Bigger Glasses Rack Up More Wine Sales
Ever order a drink, and feel stiffed on the pour? Well, before you bother the bartender, take a closer look at the size of your glass. "So people will generally perceive there to be less in larger containers, than in smaller ones." Theresa Marteau, a behavioral scientist at the University of Cambridge, in England.
She and her colleagues had analyzed how larger portions—and larger plates—lure us into eating more food. And they wondered: could the same be true for alcohol?
So the researchers convinced the staff at a local bar to run an experiment: every two weeks, for four months, they'd rotate the bar's wine glasses from the standard 300 milliliter size, to either slightly larger—370 milliliters, or slightly smaller—250 milliliters. And see how the size of the glass affected patrons' drinking habits, even though the pour, the volume of alcoholic beverage, was unchanged.
Turns out, serving wine in smaller glasses had no measurable effect. But the large glasses boosted wine sales 10 percent—even after controlling for day of the week, temperature, holidays and so on. The reason? "When the wine, the same volume, is being served in a larger glass, then people are probably perceiving they've got less in there." Which, she says, means they might drink more, assuming they haven't hit their nightly limit. Or, they might just feel less satisfied with the pour, and buy another round. The study appears in the journal BMC Public Health.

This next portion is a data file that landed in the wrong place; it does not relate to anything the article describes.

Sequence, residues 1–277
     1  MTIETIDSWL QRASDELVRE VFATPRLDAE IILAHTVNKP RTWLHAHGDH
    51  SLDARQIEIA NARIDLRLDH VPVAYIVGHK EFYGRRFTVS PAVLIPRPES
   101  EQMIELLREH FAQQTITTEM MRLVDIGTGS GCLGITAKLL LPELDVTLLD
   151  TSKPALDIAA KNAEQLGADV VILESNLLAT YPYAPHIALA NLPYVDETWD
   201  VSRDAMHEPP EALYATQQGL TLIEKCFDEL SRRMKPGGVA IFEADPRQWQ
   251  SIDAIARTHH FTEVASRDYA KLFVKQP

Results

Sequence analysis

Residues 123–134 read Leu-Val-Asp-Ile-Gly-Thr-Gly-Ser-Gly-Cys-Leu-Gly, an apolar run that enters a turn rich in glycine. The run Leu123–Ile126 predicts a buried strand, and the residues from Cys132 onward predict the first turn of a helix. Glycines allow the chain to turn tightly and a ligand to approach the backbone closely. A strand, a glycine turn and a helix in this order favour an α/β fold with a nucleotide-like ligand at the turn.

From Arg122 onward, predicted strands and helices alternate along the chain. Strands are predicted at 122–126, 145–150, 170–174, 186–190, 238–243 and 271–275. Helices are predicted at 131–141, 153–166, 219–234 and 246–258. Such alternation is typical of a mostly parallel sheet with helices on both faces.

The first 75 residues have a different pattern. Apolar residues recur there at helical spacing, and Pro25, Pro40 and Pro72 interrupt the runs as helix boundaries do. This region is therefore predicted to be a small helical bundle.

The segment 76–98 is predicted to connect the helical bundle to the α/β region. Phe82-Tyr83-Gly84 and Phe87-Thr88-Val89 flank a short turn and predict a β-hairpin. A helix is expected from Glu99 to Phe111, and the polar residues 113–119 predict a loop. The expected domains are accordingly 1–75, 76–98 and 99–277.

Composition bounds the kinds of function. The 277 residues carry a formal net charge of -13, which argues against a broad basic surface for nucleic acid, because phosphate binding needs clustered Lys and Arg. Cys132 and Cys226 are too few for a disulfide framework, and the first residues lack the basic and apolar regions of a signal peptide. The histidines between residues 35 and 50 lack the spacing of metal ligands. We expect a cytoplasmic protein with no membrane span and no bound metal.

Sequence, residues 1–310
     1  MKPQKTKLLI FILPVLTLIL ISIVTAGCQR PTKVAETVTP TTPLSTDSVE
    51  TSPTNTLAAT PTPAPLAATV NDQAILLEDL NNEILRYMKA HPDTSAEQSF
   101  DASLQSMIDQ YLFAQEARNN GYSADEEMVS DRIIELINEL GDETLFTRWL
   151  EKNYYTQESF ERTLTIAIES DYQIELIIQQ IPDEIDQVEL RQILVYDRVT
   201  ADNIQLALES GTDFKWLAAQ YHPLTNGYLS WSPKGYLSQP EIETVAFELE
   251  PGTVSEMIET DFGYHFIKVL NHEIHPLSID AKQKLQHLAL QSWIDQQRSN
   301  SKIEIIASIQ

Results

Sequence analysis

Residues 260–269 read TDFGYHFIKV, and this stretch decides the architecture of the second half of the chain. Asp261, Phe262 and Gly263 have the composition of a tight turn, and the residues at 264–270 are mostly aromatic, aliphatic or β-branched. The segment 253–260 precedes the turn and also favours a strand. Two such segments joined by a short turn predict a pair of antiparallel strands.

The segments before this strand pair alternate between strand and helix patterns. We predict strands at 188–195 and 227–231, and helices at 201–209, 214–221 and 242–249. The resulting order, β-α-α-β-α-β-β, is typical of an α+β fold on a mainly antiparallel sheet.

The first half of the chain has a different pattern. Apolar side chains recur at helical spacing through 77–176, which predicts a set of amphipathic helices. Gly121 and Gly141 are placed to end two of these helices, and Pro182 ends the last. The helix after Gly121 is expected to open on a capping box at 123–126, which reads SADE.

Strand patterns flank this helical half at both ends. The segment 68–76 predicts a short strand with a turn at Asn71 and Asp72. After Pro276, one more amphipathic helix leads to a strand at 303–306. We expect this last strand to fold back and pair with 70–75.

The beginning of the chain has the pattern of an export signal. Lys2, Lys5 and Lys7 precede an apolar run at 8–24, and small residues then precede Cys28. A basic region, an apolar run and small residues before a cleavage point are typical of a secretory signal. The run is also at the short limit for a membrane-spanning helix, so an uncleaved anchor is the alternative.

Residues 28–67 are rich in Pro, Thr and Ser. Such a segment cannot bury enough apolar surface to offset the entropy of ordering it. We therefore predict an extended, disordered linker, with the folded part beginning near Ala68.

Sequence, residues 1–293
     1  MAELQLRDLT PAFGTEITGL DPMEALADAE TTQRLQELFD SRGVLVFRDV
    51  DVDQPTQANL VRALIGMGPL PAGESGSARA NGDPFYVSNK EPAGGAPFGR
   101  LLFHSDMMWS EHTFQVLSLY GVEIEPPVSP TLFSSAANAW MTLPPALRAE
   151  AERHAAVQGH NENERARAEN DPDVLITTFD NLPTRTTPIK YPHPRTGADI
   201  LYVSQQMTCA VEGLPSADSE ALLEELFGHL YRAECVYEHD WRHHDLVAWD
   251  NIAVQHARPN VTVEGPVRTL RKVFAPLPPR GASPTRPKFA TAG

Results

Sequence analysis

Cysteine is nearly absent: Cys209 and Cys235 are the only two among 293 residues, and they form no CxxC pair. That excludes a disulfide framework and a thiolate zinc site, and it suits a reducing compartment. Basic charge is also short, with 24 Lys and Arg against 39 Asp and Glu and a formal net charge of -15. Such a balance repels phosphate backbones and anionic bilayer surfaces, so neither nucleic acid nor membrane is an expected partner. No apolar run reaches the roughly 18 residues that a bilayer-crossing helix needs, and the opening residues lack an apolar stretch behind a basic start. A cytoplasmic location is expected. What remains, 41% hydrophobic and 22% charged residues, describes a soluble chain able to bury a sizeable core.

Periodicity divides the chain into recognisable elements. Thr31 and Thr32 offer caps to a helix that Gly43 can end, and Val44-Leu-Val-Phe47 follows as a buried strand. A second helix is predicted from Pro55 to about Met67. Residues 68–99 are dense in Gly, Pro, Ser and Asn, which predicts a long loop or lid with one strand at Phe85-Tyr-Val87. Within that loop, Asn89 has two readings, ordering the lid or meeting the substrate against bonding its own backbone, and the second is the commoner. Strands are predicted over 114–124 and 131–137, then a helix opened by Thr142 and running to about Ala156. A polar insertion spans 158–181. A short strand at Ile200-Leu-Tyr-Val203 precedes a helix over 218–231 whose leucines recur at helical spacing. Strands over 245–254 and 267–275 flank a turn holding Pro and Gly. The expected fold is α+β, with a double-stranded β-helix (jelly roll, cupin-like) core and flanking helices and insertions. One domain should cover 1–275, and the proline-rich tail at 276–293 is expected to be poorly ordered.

Aside from altering her own habits—"I do use smaller glasses, yes"—Marteau says that, if subsequent studies confirm this effect, public health officials might consider mandating a certain average glass size. "Specifying the size, the maximum size in which wine can be sold could be a measure that's introduced to reduce the overconsumption of alcohol that seems to be cued by the glass size." Until that happens, the bar in the study now always serves its wine in the larger glasses.